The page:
For years I have enjoyed collecting interesting quotations as I encounter them in books, and in the past four years since my chess interest began, that collection began to include epigrams on chess. There are many famous quotations that others have collected and made available on the web. Bill Wall, who collects everything worth collecting regarding chess, has a marvelous set on his own page.
While my own collection that follows may not include as many well-known and highly regarded witticisms, I do believe that you will find many of them just as intriguing. For minor interest, I include a sentence or two regarding the source of each.
We begin with Garry Kasparov, the world champion who said this of another world champion, Anatoly Karpov.
1. Karpov’s strongest point, and maybe his weakest, is that he doesn’t look for the best move.
For those of you who enjoy reading chess books, the best chess author of the 20th century was Irving Chernev, who gives us an observation on masters, followed by two more observations from Aron Nimzowitsch and Andrew Soltis, both masters.
2. A master looks at every move he would like to make, especially the impossible ones.
3. It is when working under limitations that the master reveals himself.
4. Masters…know when to panic.
The second official world champion was German Emanuel Lasker, who held the title for an astonishing 27 years. Perhaps he was able to retain the title so long because of his attitude. He wrote in his Manual of Chess that
5. Chess "would be laughable, were it not so serious."
There are two Laskers to know about in chess. In addition to Emanuel, there is the wonderful author Edward Lasker, who supplies us with the next truism.
6. A single exposure [to chess] is apt to make an addict of anyone with a sense of adventure.
Edward also supplied this next one, which I have often mentioned to others, though I have not verified its veracity. But when you find a quote like this, you really don’t care whether it’s true or false, you just want to share it.
7. An intriguing phenomenon which links mathematics, music, and chess is the fact that child prodigies have been known in only these three fields.
My current reading includes Tal’s book on the match where he wrested the world title from Botvinnik. In this classic, Tal vs. Botvinnik, he writes
8. Modern chess has attained such a high standard that knowledge of a single skill turns out to be insufficient.
Frank Brady wrote a biography of Bobby Fischer, and it is in Bobby Fischer: Profile of a Prodigy that I found the next, which I feel is wonderful. Take a moment to think about it.
9. Chess is one of the few arts where composition takes place simultaneously with performance.
Daniel King wrote a book about the first computer to defeat a world champion in match conditions. I recently wrote a blog about this match that is described in the book Kasparov vs. Deep Blue, where King writes:
10. It is a curious fact that great advances in the development of chess theory have often taken place in cities and countries where there has been a general flowering in culture or advancement in learning.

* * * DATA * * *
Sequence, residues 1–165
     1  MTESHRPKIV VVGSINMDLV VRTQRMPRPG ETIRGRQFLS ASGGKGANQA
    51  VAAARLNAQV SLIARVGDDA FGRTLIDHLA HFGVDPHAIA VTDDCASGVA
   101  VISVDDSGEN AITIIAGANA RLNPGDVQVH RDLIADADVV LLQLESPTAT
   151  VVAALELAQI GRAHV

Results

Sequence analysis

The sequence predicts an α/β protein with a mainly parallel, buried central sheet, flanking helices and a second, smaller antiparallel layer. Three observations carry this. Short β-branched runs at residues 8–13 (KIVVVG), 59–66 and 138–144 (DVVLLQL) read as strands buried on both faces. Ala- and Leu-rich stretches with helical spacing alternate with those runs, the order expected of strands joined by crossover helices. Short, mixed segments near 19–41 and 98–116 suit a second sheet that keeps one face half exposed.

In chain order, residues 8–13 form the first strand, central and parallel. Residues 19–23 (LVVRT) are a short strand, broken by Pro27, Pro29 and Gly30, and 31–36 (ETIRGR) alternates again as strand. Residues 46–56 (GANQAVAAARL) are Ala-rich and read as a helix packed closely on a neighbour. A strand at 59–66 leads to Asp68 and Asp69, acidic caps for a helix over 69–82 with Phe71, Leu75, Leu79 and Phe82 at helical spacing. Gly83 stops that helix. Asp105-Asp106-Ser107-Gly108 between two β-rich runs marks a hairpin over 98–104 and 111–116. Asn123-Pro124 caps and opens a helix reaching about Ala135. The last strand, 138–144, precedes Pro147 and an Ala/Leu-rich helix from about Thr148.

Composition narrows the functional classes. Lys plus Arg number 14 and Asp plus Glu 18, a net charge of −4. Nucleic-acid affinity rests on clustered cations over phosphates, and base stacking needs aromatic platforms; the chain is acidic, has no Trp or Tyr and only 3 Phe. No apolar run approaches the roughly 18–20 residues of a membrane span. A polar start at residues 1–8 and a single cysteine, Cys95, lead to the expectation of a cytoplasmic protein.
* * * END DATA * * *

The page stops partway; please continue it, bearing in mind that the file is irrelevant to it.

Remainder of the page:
For history buffs, here is an amusing nugget of wisdom from Aron Nimzowitsch, the great proponent of positional play.
11. The center is the Balkans of the chessboard; fighting may at any time break out there.
Rudolf Spielmann, although not as widely known as Nimzowitsch, was nevertheless a first-rate chess player who played the way he advises in the following.
12. Play the opening like a book, the middle game like a magician, and the endgame like a machine.
J. C. Hallman recently published a book that caught my eye. In The Chess Artist he describes his trip to Kalmykia, and the chess city therein. When I read the following, I couldn’t help but laugh.
13. I would come to learn that chess tended to trail only the military and pornography in the exploitation of new technology.
Author of horror stories, H. R. Wakefield supplies us with the next one.
14. Chess…is, in my opinion, one of the few supreme products of the human intellect, if, as I often doubt, it is of human origin.
In one of Chernev's books, there is a chapter about great chess players who also wrote about chess. It was in that chapter that I discovered the beauty of Richard Reti’s writing.
15. [Chess] is the triumph of the intellect and genius over lack of imagination; the triumph of personality over materialism.
It was in the same book by Chernev that I chanced upon this quotation from Weiss.
16. Nature supplies the game of chess with its implements; science with its system; art with its aesthetic arrangement of its problems; and God endows it with its blessed power of making people happy.
Reti, who was the first person to defeat Capablanca after the Cuban became world champion, also made the following observation that made me pause for a long moment when I read it.
17. Chess is particularly the game of the unappreciated, who seek in play that success which life has denied them.
And since we just mentioned Capablanca, whose name comes up often in chess circles, he wrote the following, which forever gives me hope.
18. You may learn much more from a game you lose than from a game you win. You will have to lose hundreds of games before becoming a good player.
You can find Capablanca losing not hundreds, but 70 games if you click here.
Our penultimate quotation is from yet another world champion, Max Euwe, who tells us how not to become a good player.
19. Whoever sees no other aim in the game than that of giving checkmate to one’s opponent will never become a good chess player.
We will end with what is by far my favorite quotation, which is destined to become collected by many. The author is a wise, but unknown student of the game.
20. Choose your move carefully, in chess as in life.